There are many books that deny the hype and expectations associated with them. To a degree Wool
is one of these books in that it is both better and worse than hype would inform you. Regardless it is a brilliant modern dystopian novel, a modern work with style and ideas similar to those seen in Ray Bradbury or George Orwell. When other readers try and argue that [b:The Hunger Games|2767052|The Hunger Games (The Hunger Games #1)|Suzanne Collins|http://d.gr-assets.com/books/1358275334s/2767052.jpg|2792775] or [b:Divergent|13335037|Divergent (Divergent, #1)|Veronica Roth|http://d.gr-assets.com/books/1328559506s/13335037.jpg|13155899] are the best modern dystopian novels, Wool
is the novel that you point them to for correction.
This novel contains five books in one, though all five books are, in actuality, part of the one unfolding story. This story begins with a ritualistic 'cleaning', in which one man is sent from the underground silo to the outside. This outside world is destroyed entirely and the only glimpse of this world allowed from the silo is through one single camera. This camera requires cleaning, therefore certain crimes result in individuals being sentenced to die outside as they clean the camera. From the beginning this novel was excellently written to provide instant descriptive power and the impact of granting a glimpse into the emotions of the main character as he awaited his sentence, reflecting on his life. From this point on the reader is drawn into a plot about lies and truth within the silo, analysing the power struggles within this tightly controlled environment. What is the role of IT in this world? Are the cleanings so necessary? Is the truth more dangerous than the lies? These are questions prompted early on and later answered.
The ultimate power of this novel is in how it is so character driven. As a result the reader can experience a beautifully written (not poetically but structurally or linguistically beautiful) novel that delves into the character's minds to look at the trauma and pain they experience in this gritty post-apocalyptic, dystopian, world. I've not seen this in many books or read a book that so seamlessly integrates description into plot, showing and not telling. At least that is what I felt about the novel.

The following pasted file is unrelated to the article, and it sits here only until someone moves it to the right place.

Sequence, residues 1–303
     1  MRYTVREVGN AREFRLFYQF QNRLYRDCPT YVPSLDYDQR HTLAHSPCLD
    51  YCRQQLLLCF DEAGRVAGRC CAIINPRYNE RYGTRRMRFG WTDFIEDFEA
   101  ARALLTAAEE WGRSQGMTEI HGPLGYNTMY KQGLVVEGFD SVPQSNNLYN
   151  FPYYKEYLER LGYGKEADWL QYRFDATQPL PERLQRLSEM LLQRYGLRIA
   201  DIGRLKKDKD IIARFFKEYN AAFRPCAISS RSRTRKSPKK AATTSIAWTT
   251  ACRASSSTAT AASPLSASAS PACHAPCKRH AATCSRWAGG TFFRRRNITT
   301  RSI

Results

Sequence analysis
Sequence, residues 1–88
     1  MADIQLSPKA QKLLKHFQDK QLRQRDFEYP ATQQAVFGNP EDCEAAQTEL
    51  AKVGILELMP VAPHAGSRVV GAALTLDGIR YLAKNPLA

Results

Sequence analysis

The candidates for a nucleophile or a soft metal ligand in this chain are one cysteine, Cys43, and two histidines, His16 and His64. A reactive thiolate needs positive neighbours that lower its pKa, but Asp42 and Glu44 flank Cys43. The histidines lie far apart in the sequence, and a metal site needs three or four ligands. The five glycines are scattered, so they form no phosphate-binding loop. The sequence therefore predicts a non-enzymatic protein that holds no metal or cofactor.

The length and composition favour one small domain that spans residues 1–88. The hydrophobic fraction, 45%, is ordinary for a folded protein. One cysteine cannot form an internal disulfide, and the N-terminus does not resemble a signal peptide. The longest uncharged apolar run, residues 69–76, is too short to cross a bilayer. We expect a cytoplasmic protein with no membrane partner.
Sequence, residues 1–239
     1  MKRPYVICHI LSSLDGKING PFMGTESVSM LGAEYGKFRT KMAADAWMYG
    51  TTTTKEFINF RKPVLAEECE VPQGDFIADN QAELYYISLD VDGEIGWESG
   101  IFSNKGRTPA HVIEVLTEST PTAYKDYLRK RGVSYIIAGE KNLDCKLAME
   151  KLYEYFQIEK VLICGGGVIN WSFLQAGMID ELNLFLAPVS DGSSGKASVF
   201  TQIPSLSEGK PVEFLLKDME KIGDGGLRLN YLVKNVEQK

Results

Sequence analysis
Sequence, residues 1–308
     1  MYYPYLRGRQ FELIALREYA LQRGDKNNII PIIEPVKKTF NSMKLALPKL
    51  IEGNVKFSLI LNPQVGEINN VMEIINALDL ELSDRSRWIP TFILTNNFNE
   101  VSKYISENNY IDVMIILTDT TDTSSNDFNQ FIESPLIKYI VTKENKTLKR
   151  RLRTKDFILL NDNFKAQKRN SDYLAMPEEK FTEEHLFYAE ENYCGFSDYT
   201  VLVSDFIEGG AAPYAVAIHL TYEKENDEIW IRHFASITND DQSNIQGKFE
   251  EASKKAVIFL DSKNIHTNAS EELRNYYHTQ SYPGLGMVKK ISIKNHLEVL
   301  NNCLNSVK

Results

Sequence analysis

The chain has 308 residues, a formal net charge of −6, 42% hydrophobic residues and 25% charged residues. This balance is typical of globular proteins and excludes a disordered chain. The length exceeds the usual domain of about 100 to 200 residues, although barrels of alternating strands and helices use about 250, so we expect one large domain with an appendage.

Finally, since the book stunned me and will probably now haunt me for the next few days, a look at the title. The title 'Wool' is simple and punchy, but at the same time a title that seems irrelevant to the book. A clever title designed to be thought provoking and in some sense, deep. The kind of postmodern title most books adopt these days. Yet I thought of several potential meanings for the title and I will briefly explain them:
1) Wool in connection to the idea of insulation or protection.
2) Wool as a metaphor for knitting, as most of the chapters are connected by knitting related titles.
3) Wool in connection to the idiomatic expression 'to pull the wool over your eyes'. Therefore the sense of being blinded to the truth.
4) Wool in connection to the phrase 'a wolf in sheep's clothing'. Again the deceptive element of wool where someone wearing wool can appear to be soft and caring but really be a true monster.
5) Wool in connection to all the above ideas, as a deceptive and soft insulative material with the capability to be used for multiple purposes (like many of the people and products in the silo). Ultimately while it may seem that wool can be grown and developed it is only dead material taken from the coats of sheep and therefore is a material that ends up cycled, much like the people and materials in the silo. Wool is deceptive and if you look further into it, and question where it came from and what it is, you begin to understand the reality of what wool is.
Wool, is a multifaceted, multi-useful material. And it is the nature of duplicity that features throughout this book. I fully recommend you go and read this, taking into account your own personal reactions and not merely the reactions granted by hype and popularity.